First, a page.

These things are absolutely silly...until you do well on one, and then they are extremely significant and important. I got lucky on some of the questions; I've always known Sputnik went into space during the year of my birth, for instance. I don't do as well on computer-speak tests, but astronomy and the space sciences were literally the underpinning of my life as a child. Actually the quality of the questions was pretty good, and I have been declared to be Uber Space Nerd's Mentor!
I often quiz my students early in the semester on the stereotypes they have about science, and two words that come up consistently are that doing science is "hard" and "boring". That allows me to "launch" into a discussion of how privileged we are to be living in the time we are living in. The riches of new data that have emerged in the last decade or two because of the Hubble Space Telescope, or the Spitzer Infrared, or the Mars Rovers, or the Saturn Cassini orbiter leave me awestruck, being someone who grew up in a time when the telescope images of the planets revealed only fuzzy featureless disks.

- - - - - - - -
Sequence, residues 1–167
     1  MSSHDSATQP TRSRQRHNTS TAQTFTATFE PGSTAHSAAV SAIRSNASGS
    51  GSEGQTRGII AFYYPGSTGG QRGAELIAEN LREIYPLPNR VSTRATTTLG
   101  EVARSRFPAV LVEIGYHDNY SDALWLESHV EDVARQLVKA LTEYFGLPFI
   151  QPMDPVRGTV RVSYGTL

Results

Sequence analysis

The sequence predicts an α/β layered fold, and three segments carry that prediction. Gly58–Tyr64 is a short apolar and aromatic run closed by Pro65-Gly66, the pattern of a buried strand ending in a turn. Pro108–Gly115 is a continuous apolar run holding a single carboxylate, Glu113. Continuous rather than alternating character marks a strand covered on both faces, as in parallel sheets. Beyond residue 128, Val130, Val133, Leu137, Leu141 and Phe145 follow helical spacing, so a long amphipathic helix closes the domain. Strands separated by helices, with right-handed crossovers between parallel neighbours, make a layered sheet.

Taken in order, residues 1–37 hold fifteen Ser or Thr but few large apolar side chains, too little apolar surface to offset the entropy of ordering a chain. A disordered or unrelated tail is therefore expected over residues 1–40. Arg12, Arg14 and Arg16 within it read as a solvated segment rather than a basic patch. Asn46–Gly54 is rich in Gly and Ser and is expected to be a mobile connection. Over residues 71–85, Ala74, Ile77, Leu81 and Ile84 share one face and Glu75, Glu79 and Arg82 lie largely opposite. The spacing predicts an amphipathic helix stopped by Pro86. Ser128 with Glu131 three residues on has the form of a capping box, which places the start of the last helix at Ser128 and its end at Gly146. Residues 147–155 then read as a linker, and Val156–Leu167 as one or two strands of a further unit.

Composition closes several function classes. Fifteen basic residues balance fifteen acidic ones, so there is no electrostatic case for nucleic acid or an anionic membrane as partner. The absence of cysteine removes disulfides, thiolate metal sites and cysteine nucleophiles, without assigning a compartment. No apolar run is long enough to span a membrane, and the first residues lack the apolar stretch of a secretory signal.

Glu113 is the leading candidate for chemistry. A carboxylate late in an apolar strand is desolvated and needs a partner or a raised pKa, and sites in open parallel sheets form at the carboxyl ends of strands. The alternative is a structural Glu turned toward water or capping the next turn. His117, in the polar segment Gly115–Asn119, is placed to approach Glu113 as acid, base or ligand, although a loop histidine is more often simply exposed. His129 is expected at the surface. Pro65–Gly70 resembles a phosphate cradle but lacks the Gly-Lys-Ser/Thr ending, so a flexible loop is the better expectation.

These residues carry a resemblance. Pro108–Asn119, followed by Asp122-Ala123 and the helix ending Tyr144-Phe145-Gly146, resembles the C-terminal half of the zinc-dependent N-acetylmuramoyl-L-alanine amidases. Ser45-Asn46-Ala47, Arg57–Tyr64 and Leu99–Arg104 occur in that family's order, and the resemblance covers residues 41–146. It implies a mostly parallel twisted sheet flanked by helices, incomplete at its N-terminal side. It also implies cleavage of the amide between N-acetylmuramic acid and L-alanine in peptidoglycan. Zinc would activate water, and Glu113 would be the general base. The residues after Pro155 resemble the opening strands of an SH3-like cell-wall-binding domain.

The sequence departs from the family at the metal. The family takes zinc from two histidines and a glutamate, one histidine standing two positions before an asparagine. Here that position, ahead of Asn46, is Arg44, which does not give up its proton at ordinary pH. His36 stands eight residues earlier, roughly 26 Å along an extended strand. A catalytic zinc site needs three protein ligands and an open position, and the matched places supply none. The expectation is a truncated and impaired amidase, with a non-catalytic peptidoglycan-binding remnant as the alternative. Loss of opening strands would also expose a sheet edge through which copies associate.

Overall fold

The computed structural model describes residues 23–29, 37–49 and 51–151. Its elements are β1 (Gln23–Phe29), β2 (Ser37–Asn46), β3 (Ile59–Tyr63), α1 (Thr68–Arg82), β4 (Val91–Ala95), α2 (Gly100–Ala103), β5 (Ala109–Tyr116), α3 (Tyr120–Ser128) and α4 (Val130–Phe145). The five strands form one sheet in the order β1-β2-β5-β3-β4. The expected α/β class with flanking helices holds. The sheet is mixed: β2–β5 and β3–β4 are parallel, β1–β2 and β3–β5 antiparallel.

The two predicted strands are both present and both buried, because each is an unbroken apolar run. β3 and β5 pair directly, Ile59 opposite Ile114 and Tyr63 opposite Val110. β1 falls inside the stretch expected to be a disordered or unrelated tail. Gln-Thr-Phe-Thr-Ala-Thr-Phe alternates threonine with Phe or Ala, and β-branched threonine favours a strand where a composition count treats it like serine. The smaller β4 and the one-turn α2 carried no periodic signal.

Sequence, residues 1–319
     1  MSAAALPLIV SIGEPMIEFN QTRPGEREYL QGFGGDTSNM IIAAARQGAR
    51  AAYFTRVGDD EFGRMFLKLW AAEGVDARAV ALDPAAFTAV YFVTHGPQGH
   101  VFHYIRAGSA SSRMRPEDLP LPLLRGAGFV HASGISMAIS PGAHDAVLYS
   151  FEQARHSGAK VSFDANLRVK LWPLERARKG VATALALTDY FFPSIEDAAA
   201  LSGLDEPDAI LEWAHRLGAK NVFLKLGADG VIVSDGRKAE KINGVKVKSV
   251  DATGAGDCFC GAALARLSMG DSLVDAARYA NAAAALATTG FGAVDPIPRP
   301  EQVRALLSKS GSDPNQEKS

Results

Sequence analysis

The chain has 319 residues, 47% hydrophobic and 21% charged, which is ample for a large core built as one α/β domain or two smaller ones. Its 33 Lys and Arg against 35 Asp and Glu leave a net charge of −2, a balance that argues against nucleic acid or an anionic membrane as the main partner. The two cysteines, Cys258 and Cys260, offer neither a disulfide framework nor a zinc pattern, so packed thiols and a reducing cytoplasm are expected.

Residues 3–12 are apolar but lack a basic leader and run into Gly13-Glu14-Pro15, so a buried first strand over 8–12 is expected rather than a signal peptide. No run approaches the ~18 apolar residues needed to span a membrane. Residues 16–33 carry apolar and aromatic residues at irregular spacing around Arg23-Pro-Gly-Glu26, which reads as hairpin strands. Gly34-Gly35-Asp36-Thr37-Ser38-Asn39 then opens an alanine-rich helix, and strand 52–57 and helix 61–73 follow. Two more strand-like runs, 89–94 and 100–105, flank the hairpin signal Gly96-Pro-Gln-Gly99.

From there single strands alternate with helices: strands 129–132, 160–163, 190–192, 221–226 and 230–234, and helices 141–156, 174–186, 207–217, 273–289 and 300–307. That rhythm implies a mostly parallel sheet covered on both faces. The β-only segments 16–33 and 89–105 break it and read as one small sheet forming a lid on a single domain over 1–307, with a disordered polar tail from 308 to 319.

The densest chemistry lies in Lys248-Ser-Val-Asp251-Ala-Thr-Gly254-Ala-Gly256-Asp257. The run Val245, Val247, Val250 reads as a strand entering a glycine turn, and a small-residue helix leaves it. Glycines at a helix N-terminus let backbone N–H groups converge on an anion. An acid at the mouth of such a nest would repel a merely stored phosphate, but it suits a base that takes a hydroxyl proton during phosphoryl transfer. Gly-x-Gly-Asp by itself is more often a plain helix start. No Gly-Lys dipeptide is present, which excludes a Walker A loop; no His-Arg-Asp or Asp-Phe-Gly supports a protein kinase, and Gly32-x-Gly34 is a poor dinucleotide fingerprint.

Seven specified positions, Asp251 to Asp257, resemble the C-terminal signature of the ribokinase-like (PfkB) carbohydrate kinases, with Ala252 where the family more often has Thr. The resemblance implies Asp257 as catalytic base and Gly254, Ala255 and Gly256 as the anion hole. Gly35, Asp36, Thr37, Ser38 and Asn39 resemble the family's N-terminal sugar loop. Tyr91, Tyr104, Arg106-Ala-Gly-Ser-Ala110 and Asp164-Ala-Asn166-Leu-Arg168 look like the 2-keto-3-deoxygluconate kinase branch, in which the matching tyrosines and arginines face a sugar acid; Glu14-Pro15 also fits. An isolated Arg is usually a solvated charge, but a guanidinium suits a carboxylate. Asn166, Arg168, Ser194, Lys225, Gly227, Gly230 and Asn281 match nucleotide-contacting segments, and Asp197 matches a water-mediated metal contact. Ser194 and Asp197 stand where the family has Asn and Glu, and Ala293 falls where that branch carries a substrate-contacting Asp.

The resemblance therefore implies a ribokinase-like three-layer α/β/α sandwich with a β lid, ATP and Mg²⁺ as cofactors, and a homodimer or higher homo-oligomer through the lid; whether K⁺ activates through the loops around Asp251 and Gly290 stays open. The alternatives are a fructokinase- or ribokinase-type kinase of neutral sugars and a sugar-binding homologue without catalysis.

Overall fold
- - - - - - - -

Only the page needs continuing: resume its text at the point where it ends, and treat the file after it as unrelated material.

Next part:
And the accessibility! Gone is the time when the spectacular images could only be taken by multi-million dollar machines...technology has advanced to the point that my colleagues at the college have now produced images of planets and galaxies with their own equipment that rival the best stuff that Palomar ever did a few decades ago. A year or two ago, I was at Death Valley and an astronomy buff had set up his equipment, and started projecting the images he was taking in real time on a sheet on the side of a truck. On a sheet, and it was spectacular!
And to top things off, we have a president who thinks science should have some influence over policy decisions! That may be the most amazing development of all...